"They were educated in security, and these guys are raised with the concept that the word 'Jew' means 'enemy.' They all look at themselves in the mirror, and they imagine themselves to be superheroes, spy killers . . . I doubt they even saw the film before banning it."
"The whole effect is a Rand-esque, dream-like, dystopian feel. This is very much Curtis taking an auteur approach to his documentary — his creative personality is all over it and the effect is enthralling."
"It's encouraging to see how articulate and unafraid many of the kids in Put This on the Map are in deciding who they want to be, how they want to live, and even what they want to be called: 'Very gay,' 'an ally,' 'dating an FTM,' 'not straight, gay, bi, anything.'"
"How does Tibet's cultural destruction differ, in essence, from Time-Warner's choreographed glamorization of bitches and ho's in inner-city America, or death metal's hold over disenfranchised Midwestern youth?"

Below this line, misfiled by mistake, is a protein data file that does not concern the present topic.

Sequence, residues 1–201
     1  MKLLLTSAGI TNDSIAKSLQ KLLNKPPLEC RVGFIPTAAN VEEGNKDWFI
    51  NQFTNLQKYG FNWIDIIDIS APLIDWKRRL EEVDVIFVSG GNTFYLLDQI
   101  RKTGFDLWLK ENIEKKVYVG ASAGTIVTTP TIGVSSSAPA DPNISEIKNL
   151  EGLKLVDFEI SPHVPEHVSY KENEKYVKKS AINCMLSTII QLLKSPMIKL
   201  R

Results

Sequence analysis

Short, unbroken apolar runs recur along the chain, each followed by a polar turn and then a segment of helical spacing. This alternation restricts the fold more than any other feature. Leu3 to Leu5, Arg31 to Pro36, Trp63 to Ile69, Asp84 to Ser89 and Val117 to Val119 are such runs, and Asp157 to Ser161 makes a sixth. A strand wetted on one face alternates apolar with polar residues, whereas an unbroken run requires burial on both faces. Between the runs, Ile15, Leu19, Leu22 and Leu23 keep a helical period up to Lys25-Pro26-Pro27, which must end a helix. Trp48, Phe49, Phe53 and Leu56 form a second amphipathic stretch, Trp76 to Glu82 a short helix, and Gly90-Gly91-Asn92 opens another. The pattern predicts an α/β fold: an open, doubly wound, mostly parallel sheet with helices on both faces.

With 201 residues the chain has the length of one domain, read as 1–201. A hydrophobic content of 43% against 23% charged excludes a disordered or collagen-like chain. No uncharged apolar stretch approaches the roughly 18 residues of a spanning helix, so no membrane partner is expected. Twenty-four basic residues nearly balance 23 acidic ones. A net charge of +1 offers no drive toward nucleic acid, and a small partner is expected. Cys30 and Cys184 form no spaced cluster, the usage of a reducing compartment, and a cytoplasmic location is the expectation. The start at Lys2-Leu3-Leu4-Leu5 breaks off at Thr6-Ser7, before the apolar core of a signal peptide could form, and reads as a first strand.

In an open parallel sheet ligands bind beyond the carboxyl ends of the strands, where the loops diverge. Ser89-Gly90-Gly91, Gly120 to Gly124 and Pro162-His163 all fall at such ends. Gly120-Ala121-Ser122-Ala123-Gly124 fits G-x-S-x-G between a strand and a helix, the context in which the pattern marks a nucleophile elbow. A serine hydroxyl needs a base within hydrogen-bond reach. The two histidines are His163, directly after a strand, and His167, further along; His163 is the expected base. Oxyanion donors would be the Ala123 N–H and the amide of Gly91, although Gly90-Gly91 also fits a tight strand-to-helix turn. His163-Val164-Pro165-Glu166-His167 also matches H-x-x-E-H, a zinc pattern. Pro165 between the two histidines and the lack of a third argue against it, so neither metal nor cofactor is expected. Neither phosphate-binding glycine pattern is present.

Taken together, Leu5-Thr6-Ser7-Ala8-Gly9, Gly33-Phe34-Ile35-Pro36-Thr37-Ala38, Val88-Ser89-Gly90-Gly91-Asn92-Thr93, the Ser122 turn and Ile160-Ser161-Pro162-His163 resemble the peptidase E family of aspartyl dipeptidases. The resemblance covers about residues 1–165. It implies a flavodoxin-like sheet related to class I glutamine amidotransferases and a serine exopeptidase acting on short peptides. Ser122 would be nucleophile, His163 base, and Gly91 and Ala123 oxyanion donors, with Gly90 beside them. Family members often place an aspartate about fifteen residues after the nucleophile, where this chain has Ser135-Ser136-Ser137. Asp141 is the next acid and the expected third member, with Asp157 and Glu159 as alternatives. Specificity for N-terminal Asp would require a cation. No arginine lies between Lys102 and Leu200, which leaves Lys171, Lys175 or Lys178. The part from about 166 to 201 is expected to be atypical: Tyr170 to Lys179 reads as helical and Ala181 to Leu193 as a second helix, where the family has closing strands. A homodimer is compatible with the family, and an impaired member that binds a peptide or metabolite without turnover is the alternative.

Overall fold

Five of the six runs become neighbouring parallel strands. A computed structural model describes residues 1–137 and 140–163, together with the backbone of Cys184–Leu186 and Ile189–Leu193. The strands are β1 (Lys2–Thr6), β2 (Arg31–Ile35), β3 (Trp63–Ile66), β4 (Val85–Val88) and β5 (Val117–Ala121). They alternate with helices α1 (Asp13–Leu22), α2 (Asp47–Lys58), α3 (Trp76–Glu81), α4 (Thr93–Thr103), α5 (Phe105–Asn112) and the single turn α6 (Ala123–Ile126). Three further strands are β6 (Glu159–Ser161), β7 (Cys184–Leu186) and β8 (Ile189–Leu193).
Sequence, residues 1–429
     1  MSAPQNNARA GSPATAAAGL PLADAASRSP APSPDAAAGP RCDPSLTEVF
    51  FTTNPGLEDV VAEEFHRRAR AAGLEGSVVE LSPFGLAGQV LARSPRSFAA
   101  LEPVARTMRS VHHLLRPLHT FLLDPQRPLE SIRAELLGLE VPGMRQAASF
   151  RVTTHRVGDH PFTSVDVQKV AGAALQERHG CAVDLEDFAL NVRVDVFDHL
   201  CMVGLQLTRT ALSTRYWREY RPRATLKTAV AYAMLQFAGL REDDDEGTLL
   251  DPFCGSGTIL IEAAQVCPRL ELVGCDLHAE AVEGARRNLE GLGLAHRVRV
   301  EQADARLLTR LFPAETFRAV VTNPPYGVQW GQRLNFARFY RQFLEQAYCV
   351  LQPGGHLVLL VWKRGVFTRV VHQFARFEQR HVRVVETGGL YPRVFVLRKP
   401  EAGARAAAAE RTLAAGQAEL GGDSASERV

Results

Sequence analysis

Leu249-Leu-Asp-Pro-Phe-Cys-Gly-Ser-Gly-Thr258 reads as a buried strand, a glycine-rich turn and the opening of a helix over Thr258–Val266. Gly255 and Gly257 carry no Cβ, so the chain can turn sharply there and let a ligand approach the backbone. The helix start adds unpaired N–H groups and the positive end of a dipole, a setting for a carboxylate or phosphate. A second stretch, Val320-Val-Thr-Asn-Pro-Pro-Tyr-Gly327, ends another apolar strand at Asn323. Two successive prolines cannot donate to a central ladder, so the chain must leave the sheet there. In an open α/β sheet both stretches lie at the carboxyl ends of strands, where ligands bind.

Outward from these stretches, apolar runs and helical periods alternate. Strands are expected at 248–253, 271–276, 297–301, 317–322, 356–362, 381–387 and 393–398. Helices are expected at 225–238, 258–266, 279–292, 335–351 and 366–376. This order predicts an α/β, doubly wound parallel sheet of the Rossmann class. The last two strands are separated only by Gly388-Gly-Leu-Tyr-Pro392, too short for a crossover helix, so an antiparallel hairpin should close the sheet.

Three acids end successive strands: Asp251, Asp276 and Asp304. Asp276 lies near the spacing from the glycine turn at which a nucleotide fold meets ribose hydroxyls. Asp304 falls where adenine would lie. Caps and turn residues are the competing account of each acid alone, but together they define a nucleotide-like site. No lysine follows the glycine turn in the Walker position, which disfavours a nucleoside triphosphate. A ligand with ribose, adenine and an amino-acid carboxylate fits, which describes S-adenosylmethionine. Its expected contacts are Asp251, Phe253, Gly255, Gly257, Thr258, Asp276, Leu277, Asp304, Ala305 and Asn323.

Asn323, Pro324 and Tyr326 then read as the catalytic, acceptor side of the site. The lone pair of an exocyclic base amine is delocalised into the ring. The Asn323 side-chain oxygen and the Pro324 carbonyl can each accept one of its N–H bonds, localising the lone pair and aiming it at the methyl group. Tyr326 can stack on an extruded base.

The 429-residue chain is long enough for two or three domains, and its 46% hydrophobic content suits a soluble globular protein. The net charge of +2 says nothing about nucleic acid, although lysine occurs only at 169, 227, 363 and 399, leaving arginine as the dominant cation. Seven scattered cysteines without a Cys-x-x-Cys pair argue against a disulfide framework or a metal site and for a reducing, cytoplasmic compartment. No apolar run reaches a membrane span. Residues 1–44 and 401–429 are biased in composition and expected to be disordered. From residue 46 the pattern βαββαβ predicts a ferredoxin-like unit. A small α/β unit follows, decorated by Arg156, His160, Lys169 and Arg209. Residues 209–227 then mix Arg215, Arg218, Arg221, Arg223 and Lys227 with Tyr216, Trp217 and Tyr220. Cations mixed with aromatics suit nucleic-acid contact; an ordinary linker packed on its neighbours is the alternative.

Curator Jenni Olson looks at the history of marginalized groups through one of the most ephemeral cultural forms, the movie trailer. Her latest compilation of coming attractions focuses on blacks in mainstream and low-budget Hollywood films from 1946 to 1976
Writer-director Mark Rappaport has devised an ingenious strategy for examining Jean Seberg's life and career. He hired Mary Beth Hurt to play the actress as if she didn't commit suicide in 1979 but lives on like all actors through the magic of film, reincarnated as a sort of performance artist, film historian, and cultural commentator.